VRSTY have played around in the genre-bending arena with huge new album Welcome Home, to varying results.
Underoath return with Voyeurist, the successor to their huge comeback record Erase Me – and this record will please those dissatisfied with the last outing. Self-produced for the first time in their career, this is Underoath exactly as they envision themselves.
With their new EP III releasing on November 26th, we had a chat with Ali Tabatabaee (vocals) of Zebrahead to get the lowdown on the band's new music and new chapter!
I once scrolled on Instagram through a Wage War fan discussion. They had found little to enjoy from their (very good, if I do say so myself) 2019 outing Pressure, stating “if I listen to Wage War, I want it to be heavy”. They’ll be happy with Manic, for the most part.
When I first heard of Real Friends I was fresh to pop punk. I liked All Time Low, As It Is, Green Day and My Chemical Romance. I found their first two albums to be too brash and bordering on unlistenable. By the time Composure dropped I’d been to Slam Dunk Festival and, though I still believe their first two records to be poor, that third album really made me fall for them. ‘Stand Steady; is still their best song.
Hawthorne Heights have never really slowed since their inception. Their eighth full length, The Rain Just Follows Me, shows that the band still have a lot to say.
In an attempt to bring you the fastest written review in history, fuelled by gig adrenaline and a singular Carlsberg, here is the lowdown on Silverstein’s Out Of This World, episode 2.
Silverstein have brought the live experience to your living room with their three-part concert series Out Of This World. However, the band are completely aware that it’s not the same, so they’ve spiced it up a little.
There’s no doubt Cheap Meat can write fun, catchy songs you’d expect from the likes of Weezer and Bowling For Soup. Their new record, aptly titled People Are The Worst, exemplifies this brilliantly.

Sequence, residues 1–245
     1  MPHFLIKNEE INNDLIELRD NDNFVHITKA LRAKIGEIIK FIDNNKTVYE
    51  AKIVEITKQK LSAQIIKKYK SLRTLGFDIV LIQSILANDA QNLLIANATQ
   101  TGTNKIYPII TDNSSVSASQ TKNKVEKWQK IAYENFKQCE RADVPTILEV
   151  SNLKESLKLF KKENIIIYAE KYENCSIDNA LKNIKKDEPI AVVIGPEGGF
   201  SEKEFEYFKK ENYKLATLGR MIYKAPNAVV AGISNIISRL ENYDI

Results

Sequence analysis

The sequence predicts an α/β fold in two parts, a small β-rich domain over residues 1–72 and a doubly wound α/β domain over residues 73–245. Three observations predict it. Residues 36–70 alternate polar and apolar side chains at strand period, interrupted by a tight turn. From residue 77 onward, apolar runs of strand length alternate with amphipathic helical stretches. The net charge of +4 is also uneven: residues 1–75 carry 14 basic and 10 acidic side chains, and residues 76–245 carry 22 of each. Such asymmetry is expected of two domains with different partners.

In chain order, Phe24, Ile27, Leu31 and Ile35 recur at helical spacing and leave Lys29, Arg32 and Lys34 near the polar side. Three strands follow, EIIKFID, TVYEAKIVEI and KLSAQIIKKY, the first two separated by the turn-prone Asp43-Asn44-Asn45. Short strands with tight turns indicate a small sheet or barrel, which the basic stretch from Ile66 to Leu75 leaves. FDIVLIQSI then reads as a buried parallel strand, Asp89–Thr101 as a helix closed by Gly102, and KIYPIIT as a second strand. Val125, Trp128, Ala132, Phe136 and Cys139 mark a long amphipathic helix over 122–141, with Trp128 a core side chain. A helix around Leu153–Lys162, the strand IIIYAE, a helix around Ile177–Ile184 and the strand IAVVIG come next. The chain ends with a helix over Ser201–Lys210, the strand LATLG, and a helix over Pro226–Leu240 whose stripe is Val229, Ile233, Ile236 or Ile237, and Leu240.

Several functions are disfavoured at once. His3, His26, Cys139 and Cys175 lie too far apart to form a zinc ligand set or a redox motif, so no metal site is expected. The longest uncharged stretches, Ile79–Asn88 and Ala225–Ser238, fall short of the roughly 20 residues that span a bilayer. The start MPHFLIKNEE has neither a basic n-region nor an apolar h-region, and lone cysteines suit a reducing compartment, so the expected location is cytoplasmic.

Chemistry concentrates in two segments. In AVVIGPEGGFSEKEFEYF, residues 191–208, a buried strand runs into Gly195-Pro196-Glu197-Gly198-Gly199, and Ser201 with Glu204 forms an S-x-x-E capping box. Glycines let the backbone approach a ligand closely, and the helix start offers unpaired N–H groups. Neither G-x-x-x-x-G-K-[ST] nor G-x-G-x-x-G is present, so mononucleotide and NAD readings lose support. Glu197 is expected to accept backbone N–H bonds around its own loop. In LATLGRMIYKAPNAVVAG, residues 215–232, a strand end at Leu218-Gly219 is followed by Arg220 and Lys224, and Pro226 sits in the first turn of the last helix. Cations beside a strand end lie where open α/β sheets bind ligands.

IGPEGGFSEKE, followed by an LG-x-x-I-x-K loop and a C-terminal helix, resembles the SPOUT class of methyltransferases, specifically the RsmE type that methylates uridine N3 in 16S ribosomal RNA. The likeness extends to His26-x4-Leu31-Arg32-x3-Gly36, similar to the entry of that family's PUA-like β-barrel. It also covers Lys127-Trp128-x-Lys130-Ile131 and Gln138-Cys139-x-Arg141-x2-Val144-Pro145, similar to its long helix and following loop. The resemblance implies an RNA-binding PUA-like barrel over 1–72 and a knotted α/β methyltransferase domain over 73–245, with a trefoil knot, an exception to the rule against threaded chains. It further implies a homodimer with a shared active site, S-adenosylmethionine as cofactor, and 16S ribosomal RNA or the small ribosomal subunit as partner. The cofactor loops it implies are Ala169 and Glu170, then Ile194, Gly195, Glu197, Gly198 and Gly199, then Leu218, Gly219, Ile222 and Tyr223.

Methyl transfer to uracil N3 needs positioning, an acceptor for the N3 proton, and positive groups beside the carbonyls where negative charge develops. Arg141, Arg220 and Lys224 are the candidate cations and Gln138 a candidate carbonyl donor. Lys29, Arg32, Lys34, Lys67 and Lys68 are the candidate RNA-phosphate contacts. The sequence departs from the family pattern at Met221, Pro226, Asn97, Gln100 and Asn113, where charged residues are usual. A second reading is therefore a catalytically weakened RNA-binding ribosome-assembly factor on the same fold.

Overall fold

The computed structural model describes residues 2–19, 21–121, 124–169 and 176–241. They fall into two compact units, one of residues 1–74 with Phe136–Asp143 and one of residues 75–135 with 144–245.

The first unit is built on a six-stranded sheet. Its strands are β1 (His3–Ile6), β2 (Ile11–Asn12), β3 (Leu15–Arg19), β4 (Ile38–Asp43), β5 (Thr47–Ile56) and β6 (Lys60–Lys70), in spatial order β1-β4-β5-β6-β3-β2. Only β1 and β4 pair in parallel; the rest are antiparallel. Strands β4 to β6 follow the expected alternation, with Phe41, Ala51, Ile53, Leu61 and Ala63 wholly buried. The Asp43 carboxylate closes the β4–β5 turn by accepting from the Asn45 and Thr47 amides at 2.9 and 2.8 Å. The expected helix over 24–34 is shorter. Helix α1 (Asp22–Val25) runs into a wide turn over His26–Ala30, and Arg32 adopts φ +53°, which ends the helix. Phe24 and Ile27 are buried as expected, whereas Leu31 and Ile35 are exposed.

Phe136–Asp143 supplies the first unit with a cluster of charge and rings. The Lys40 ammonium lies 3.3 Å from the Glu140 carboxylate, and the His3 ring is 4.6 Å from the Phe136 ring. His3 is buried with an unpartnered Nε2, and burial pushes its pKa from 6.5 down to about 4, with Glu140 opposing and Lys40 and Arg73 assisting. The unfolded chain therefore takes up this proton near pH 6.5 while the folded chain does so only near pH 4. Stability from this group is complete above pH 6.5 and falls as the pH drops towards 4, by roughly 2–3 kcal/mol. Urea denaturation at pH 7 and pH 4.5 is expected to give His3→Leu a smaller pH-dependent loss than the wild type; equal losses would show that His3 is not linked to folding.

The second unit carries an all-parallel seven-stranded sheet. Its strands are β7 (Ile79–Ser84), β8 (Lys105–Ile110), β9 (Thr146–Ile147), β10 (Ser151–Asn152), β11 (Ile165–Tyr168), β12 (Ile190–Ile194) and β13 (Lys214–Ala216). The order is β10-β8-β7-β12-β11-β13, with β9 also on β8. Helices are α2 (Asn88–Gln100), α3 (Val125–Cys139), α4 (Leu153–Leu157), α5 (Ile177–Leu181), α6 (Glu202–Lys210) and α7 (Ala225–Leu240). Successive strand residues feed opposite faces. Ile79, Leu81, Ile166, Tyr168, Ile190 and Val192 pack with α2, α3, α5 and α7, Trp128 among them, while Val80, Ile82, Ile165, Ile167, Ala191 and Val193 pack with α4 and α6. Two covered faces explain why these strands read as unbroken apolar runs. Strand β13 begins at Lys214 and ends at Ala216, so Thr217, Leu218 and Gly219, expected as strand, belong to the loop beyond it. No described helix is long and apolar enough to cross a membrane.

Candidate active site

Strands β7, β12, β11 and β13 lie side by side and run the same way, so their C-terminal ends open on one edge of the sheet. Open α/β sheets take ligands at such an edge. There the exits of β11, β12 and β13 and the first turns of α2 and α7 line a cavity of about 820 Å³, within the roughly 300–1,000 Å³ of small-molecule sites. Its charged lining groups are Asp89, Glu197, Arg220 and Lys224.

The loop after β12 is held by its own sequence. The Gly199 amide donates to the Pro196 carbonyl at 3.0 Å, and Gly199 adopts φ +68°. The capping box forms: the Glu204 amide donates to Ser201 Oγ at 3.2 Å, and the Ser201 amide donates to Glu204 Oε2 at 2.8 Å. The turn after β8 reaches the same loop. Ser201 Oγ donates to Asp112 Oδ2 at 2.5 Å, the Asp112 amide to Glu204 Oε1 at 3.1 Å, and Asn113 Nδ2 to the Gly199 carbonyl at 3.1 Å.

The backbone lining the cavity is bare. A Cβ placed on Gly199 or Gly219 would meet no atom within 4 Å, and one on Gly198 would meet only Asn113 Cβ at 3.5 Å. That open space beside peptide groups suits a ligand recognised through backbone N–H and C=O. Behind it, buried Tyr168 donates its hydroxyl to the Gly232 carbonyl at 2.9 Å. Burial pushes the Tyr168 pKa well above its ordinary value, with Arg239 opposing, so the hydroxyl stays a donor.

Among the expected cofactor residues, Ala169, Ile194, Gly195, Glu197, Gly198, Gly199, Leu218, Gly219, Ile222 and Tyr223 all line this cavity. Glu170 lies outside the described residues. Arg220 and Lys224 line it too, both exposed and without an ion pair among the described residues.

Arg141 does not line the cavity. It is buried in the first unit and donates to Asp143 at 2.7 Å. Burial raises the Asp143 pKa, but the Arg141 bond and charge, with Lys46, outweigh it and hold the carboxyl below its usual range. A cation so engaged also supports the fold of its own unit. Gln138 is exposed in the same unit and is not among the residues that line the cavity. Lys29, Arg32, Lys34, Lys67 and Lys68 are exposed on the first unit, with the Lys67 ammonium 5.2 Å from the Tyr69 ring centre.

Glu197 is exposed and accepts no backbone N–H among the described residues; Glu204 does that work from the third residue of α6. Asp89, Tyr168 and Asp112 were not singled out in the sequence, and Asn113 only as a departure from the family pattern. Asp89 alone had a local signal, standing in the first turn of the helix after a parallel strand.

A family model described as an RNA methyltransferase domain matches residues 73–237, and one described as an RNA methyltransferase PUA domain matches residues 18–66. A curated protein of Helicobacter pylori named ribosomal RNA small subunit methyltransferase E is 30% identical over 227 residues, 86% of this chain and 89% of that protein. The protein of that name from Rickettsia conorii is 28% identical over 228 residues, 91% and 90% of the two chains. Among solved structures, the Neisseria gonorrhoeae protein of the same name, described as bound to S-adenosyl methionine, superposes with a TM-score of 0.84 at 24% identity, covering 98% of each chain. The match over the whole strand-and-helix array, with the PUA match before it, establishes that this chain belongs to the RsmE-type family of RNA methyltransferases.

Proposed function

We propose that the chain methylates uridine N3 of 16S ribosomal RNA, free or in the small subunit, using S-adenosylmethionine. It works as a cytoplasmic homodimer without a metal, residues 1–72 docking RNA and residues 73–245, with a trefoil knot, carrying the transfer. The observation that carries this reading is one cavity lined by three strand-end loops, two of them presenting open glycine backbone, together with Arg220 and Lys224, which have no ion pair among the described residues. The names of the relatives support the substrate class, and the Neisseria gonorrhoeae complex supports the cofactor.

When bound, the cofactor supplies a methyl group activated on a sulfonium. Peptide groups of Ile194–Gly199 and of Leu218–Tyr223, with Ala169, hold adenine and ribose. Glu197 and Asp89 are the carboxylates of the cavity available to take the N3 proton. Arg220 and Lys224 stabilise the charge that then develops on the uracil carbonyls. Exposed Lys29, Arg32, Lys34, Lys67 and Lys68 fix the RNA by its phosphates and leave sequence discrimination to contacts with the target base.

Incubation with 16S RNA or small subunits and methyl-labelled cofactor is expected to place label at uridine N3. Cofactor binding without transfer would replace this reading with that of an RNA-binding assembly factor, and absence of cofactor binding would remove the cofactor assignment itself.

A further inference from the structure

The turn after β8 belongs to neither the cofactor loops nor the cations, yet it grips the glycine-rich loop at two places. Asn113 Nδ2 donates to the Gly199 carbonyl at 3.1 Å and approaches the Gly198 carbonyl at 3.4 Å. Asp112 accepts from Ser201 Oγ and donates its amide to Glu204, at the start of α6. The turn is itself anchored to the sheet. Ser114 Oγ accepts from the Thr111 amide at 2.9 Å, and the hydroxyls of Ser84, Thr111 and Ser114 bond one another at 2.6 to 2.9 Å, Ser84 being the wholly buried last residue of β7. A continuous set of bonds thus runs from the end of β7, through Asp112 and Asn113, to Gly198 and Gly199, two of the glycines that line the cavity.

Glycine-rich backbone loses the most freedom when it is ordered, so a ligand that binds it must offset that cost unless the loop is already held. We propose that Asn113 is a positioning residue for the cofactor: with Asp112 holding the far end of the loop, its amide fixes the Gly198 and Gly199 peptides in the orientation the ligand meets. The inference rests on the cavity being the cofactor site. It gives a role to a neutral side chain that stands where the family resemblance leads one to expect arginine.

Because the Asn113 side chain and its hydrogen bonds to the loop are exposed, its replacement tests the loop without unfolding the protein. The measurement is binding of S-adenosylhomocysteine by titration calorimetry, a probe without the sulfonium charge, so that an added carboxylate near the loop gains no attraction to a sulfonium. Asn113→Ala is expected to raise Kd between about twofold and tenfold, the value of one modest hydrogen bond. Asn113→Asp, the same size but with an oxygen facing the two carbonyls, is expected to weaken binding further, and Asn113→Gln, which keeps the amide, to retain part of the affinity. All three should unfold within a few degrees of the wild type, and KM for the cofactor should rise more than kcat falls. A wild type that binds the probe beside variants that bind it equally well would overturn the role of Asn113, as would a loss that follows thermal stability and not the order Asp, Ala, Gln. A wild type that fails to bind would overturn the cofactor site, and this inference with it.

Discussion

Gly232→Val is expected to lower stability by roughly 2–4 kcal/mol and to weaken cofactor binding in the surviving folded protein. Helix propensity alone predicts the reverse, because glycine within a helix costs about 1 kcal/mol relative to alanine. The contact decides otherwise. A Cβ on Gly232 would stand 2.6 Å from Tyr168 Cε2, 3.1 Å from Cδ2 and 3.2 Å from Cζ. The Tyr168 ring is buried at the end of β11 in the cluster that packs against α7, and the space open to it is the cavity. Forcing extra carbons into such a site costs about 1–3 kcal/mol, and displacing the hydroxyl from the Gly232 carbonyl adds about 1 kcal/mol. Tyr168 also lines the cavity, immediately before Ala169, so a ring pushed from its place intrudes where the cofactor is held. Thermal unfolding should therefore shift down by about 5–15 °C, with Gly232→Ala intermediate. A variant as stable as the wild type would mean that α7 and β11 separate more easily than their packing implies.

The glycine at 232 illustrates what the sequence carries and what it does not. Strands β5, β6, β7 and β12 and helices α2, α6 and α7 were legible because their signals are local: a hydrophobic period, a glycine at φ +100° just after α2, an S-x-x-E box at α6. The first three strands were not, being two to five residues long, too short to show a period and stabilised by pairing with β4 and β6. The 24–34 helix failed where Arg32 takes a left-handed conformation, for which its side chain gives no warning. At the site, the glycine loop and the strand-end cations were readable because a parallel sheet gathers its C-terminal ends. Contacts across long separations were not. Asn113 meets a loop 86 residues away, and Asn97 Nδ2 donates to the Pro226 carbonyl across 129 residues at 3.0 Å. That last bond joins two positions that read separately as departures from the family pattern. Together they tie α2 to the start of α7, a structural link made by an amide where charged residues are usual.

If All Time Low’s Nothing Personal got criticism for being too pop and not punk enough, All Distortions Are Intentional should definitely get the same treatment.
In their first 5 years as a band, Creeper crafted the perfect path, releasing an EP each year for three years, touring relentlessly and then putting out their debut album Eternity In Your Arms. It felt like they were never far away from our speakers and stages and that enabled them to grow hugely in that time. Oh yeah, and the outstanding goth-punk-opera rock songs helped a bit too. Then on 1st November 2018 they played their final show of the tour and announced the end. Then there followed a year of radio silence. Anyone familiar with David Bowie would recognize this as the shedding of a skin, the entry to the cocoon, and, exactly one year after that fateful show, they reappeared with a single and shortly followed it up with the announcement of Sex, Death & The Infinite Void. Now, following a lengthy delay due to COVID-19, the release of one of the most hotly anticipated albums in recent years in upon us.
Cope released their debut album The Shock Doctrine on 22nd of May. A hardcore assault designed to scream (literally) about the world's ills, Cope intend to draw attention to the crumbling state of the modern world. Fitting, really, given recent events.
Palaye Royale made a name for themselves with debut full length Boom Boom Room (Side A) which, despite being underwhelming in my opinion, had its moments. Boom Boom Room (Side B) legitimately felt like it was indeed a B-side album, yet seemed to fare well with fans. Two years on, they return with The Bastards, their third outing, which has been promoted for a long while with a slew of singles.
It would be dishonest to say I've been a fan of Coast To Coast, but I have been aware of the band for some time. Having turned down the chance to review their 2018 EP 'The World Doesn't Work', I hadn't given them much of a thought until new EP 'Sovereign' landed in my inbox.
While I appreciate the sentiment in 'This Land Is Your Landfill', the new full length from The Homeless Gospel Choir, there's very little musical value in these thirty four minutes.